Adapt! did a great guerrilla wrap for Metro newspapers during the December general election. In their own words:
We designed an alternative newspaper cover wrap for the Metro. On it, we imagined a different approach to the December 2019 election – where climate change was the main focus. From front page to the sports section, we turned every tiny detail of the newspaper into a lighthearted commentary on climate change and the urgent need for a Green New Deal. Once printed the paper cover was applied to Metro newspapers and distributed across London by a large team of volunteers.
Scotty Allen of Strange Parts went to a wholesale market in Shenzhen, China that sells everything you need for a high tech factory. This eco-system is why industrialisation isn’t going to return to the UK any time soon.
Watch out for the vibrating pans in after 8:25 that tilt components up the right way. Such a simple design solution, each one is custom made for the part that they need to work with. Seeing it in action is almost like black magic.
It’s interesting to look back through concept videos at what people thought the future might hold. This one was done in 2001 and captures the ennui of modern life. It was originally made for a Teletext conference… More on the web-of-no-web here.
Brilliant bit of work on Cheetos based on the product flaw / design feature of flavouring that gets all over your fingers. Ride on 90s nostalgia with MC Hammer and you have a Super Bowl memorable experience.
It is right up there with the Steven Siegel ad from 2004 by BBDO New York that had Mountain Dew as the hero product also featured other PepsiCo brands including Cheetos.
Interesting interpretation of the current approach to online harmonisation by the Chinese government. There is an opinion that China’s censorship mechanisms are somehow overwhelmed. I don’t think that this is the case at all. Instead I believe its part of their wider approach to online harmonisation – As Virus Spreads, Anger Floods Chinese Social Media – The New York Times – this isn’t a government apparatus operating from weakness but smart: just enough venting to stop it boiling over into angry action but not enough for a Velvet Revolution. The clue is in the Chinese government’s own name for this process online harmonisation – to give a harmonious Chinese society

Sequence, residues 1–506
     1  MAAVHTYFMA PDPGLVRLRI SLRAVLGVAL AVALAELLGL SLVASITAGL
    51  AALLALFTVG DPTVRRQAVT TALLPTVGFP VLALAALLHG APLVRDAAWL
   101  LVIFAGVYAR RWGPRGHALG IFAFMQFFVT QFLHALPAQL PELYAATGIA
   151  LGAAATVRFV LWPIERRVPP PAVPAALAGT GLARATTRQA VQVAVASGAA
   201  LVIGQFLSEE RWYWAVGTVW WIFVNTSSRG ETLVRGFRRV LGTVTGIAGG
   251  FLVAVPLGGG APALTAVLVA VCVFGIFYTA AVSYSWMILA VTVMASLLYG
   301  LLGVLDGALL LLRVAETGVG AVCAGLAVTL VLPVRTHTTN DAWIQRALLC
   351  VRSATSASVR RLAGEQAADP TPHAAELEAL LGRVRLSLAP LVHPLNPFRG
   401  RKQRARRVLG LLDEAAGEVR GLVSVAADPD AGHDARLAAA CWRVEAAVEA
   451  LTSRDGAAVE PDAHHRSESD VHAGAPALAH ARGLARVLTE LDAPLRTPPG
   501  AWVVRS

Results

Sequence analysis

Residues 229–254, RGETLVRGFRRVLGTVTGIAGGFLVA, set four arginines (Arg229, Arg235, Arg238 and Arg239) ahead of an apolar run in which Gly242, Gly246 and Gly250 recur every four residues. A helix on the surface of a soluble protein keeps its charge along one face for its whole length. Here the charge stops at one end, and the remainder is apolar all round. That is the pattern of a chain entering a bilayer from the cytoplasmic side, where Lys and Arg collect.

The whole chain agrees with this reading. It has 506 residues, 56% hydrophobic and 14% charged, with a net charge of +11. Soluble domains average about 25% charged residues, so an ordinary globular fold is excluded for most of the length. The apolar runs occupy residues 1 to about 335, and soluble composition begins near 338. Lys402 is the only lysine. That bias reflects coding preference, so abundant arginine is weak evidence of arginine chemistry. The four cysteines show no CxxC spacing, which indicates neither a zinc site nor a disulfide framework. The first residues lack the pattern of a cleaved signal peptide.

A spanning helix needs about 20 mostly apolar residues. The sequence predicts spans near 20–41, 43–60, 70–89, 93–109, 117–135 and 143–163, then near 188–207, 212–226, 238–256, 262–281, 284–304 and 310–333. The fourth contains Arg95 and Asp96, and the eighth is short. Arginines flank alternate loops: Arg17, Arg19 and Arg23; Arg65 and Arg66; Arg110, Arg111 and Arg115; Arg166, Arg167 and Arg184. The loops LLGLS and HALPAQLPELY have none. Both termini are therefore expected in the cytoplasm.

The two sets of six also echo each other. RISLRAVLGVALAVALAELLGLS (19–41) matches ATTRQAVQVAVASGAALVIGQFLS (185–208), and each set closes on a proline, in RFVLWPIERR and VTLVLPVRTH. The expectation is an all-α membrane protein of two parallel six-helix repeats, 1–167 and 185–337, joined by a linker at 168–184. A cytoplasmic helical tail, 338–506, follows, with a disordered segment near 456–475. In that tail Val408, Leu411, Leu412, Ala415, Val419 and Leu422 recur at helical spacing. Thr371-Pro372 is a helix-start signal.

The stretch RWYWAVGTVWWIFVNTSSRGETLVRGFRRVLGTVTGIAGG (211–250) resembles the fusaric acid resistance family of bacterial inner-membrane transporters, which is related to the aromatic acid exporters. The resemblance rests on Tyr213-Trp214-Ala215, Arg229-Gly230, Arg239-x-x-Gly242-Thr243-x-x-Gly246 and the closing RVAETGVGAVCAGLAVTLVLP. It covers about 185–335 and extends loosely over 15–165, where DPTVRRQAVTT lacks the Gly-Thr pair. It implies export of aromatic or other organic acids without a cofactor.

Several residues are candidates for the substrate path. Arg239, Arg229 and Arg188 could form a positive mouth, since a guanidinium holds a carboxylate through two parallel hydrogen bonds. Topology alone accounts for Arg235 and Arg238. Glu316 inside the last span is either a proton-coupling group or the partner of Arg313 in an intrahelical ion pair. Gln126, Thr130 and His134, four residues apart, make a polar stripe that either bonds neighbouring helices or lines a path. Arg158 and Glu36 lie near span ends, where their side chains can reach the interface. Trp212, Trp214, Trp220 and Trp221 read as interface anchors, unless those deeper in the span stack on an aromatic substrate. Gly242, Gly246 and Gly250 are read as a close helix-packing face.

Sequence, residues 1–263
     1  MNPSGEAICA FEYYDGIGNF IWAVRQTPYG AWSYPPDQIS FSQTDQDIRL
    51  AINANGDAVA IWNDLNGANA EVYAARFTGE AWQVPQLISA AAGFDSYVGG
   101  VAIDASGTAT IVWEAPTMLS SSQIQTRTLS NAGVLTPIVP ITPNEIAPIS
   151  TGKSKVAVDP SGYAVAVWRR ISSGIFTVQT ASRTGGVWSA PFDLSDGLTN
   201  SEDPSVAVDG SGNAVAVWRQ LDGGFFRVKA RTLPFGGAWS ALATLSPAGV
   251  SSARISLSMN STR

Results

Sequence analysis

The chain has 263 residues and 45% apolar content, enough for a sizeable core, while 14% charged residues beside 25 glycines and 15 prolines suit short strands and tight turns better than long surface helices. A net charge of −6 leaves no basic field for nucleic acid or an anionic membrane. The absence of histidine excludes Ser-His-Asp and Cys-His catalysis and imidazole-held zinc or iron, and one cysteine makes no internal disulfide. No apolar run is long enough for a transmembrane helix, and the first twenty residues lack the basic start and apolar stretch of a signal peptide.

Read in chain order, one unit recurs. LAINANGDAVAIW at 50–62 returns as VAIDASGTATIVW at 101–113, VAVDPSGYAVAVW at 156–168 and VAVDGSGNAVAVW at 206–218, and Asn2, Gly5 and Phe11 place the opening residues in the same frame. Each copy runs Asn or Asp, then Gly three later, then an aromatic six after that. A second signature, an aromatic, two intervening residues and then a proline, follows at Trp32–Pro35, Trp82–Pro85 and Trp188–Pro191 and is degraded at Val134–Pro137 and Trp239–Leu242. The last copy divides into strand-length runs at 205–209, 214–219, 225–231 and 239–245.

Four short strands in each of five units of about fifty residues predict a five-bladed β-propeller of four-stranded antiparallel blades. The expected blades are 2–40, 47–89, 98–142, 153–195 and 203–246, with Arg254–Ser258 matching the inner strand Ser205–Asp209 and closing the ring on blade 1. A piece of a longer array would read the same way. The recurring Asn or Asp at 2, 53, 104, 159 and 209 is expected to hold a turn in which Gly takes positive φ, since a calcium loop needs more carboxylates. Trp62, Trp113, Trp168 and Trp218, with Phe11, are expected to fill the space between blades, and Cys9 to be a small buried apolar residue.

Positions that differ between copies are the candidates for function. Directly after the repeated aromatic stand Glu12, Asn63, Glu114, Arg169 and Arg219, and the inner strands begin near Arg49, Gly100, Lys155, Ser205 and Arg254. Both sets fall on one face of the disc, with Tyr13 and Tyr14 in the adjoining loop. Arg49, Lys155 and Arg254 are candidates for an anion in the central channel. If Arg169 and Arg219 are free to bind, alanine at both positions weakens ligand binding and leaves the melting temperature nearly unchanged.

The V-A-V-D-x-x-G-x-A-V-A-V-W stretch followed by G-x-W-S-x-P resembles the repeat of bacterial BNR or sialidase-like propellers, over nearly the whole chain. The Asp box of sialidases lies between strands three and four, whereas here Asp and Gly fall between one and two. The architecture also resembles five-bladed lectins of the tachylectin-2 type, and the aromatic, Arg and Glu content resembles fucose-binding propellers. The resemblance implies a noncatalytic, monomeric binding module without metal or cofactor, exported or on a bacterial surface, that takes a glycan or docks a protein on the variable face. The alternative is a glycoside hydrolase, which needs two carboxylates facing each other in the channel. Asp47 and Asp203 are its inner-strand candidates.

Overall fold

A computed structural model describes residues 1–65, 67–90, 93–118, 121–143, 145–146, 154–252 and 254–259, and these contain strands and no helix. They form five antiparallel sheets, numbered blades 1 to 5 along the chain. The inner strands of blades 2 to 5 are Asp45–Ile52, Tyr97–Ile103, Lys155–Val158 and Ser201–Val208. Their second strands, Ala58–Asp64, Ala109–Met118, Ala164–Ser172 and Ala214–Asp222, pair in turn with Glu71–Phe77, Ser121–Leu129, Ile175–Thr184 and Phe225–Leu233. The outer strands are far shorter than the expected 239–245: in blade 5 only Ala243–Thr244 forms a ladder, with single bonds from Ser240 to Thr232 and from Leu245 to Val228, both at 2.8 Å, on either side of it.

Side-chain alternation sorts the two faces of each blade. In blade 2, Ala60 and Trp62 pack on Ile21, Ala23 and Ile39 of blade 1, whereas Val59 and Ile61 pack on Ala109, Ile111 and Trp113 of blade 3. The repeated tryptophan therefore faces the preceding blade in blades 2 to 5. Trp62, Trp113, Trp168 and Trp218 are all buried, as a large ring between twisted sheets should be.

Nightmares on wax: the environmental impact of the vinyl revival | Music | The Guardian – digital media is physical media, too. Although digital audio files seem virtual, they rely on infrastructures of data storage, processing and transmission that have potentially higher greenhouse gas emissions than the petrochemical plastics used in the production of more obviously physical formats such as LPs – to stream music is to burn coal, uranium and gas – vegan vintage wearing gen-z will look back on streaming not only as a cultural disaster, but a planetary one. Streaming is the music industry analogue to restaurant’s plastic straws and styrofoam cups